8) With Boustead’s current cash hoard, the Management is also eyeing potentialo acquisitions and Mr. Wong did not rule this out. Oil prices will remain high for the foreseeable future (he predicts it will not dip below US$40 per barrel) and thus the demand for waste to energy systems should remain high.

9) For the Jiangsu, Wuxi properties available for sale, they are not doing too badly but prospects are not exactly exciting either. Boustead chooses to manage these properties rather than build them, thus the returns will not be spectacular.

10) One shareholder asked about the possibility of rights or bonus issues in the future. While Mr. Wong did not rule out bonus issues, he said a rights issue was highly unlikely as the Group has more than enough cash already.

11) Another question was raised over succession planning and whether Mr. Wong had considered it. Mr. Wong jokingly said that the word “retirement” was not in his dictionary and that Minister Mentor Lee was already 84 (21 years older than him) yet he continued to work as well ! On a more serious note, succession planning was already underway with one person being shortlisted by Mr. Wong as a possible successor. However, more consideration and discussions with other Board members was necessary in order to determine if this person was “the right one” as the decision is not unanimous at this point in time.

12) Quarterly reporting would be done from FY 2009 onwards (the first quarter beginning June 2008). The auditor from Deloitte and Touche however, said that quarterly reporting for Boustead was not really indicative of business conditions as most project revenues were “lumpy” by nature and such reporting would necessarily use up more resources without affording shareholders the additional clarity. In fact, quarterly reporting may even encourage short-termism and this has already happened for some companies which have reporting quarterly results.

I approached Mr. Wong during the tea break to enquire on the progress of the Dinh Binh power station in-principle approval given in May 2007. According to him, regulatory requirements were still pending and the project was put on hold for the time being, thus shareholders should not expect a firm contract to be signed so quickly.

The atmosphere at the AGM was cordial and jovial and the Chairman was candid in his assessment of the Group’s future and also in giving details of various aspects of the company’s operations. I would say that a lot was learnt from this AGM alone as the questions asked were high-quality ones coming from long-term shareholders who understood the company’s business model very well. As a result of this AGM, it has affirmed my belief that choosing to remain vested in the company is the right choice to make.

Note: I will be doing a posting on Suntec REIT’s results and announcement of the acquisition of one-third of One Raffles Quay after digesting the information stated in the announcement cum press releases. Stay tuned for that !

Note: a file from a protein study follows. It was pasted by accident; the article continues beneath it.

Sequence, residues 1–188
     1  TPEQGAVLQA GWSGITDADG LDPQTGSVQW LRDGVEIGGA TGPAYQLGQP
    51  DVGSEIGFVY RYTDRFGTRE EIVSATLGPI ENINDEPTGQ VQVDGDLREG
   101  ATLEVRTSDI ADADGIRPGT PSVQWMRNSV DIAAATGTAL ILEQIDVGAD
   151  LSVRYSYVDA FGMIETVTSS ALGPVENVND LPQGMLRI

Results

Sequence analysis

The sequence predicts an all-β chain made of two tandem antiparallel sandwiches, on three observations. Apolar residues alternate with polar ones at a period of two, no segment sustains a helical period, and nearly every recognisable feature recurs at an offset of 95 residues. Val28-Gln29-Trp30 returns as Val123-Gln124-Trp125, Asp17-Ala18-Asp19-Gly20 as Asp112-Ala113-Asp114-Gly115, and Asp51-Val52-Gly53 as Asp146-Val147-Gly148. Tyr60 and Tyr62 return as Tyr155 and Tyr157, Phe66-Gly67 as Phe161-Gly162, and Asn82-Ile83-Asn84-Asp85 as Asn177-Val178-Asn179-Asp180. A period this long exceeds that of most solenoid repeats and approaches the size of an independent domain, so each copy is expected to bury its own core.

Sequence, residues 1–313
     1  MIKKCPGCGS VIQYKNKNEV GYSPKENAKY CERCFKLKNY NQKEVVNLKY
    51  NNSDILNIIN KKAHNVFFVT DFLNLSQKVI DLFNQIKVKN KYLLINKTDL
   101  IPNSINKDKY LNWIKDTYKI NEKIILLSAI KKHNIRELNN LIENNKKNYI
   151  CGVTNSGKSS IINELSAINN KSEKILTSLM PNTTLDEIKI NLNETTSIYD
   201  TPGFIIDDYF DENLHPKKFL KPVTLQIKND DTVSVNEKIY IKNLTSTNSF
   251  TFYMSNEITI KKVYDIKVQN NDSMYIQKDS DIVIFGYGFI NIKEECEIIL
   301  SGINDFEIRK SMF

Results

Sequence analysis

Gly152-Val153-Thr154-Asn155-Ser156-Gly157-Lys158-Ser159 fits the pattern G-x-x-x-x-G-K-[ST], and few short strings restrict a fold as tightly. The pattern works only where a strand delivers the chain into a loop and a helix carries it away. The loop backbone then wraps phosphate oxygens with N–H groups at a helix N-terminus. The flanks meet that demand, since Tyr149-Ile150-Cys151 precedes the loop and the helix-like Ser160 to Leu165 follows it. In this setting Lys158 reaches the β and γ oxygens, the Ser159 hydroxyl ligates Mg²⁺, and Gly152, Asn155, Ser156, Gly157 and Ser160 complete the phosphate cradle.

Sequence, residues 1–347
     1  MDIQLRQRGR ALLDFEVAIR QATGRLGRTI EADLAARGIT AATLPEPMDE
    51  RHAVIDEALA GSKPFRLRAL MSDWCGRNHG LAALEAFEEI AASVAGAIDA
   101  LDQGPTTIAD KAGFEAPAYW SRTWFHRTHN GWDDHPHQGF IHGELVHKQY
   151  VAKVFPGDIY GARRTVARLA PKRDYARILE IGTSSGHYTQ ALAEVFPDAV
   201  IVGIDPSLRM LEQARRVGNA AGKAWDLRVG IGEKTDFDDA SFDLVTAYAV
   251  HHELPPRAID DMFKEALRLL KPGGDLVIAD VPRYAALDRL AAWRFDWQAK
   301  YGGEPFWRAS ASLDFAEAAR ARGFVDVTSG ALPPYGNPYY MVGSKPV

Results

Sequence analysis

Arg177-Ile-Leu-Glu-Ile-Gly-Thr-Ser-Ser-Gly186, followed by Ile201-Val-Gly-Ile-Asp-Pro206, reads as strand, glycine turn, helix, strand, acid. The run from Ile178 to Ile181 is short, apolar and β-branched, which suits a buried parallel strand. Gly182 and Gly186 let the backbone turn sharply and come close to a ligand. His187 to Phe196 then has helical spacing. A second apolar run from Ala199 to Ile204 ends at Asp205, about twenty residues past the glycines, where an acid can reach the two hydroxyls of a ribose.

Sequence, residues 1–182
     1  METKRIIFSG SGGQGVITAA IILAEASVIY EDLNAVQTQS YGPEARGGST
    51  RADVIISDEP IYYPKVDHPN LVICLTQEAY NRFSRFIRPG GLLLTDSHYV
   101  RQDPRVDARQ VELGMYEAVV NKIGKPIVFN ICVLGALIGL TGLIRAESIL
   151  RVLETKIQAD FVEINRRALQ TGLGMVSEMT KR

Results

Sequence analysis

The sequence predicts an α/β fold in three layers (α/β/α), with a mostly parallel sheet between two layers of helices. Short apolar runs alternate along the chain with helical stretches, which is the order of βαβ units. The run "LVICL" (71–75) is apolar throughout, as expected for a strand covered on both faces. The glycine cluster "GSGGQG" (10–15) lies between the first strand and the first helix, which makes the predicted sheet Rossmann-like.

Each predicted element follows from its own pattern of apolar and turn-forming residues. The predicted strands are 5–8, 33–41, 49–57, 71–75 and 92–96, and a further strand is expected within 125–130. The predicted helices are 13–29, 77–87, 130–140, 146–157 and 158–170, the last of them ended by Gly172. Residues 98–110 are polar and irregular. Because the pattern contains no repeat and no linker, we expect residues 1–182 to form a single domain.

kelvin said...

Hi Musicwhiz

This is a detailed record of the AGM. Thx! Must say the Qs raised are good. Were there many shareholders? I wanted to attend but work did not permit.

This point seems interesting. Can elarborate? "On the Energy side, he mentioned that the Group has secured some projects (some of which are significant) which will be announced in due course. He anticipates some related announcements to be made in August 2007"

I think better value can emerge if they split Boustead projects and the rest. Just by renaming the remaing as Boustead Environment & Energy and the value will surge.

musicwhiz said...

Hi Kelvin,

There were not many people present, just probably about 10 or so shareholders but they really seemed very serious.

I think what Mr. Wong meant was that there were more contracts lined-up to be announced in the coming month but he cannot be too explicit or it would contravene SGX rulings on selective disclosure. Also note that on the evening of the AGM, Boustead announced their largest contract to date of S$74 million.

As to the splitting up of their business units, too bad no one actually asked that. There was talk some time back about Salcon doing an IPO but that was scrapped as they had only just begun turning around.

Perhaps some time in the future, they can consider that ? :)

Kelvin said...

Thks for sharing Musicwhiz. Seems like some good news coming. The Qs are good! How many shareholders are there? I wanted to attend but work did not allow that. Seems like more good news coming? Btw, Philips just raised the target price to $2.40+

Boustead shd seperate Boustead projects and the rest. I think there are more value to unlock that way.

kelvin said...

Sorry just noted that I double post...

Anyway, I think the company is in good hands although I always feel that Mr Wong is sometime too conservative in execution...

musicwhiz said...

Yes Kelvin,

I think the company is in good hands too. Management is capable and honest and even though they may seem conservative, at least they are not full of hot air like some other CEOs of listed companies. I value integrity and down-to-earth people.

As for Phillips' TP, I will ignore it. I don't believe in target prices as long as a company shows growth.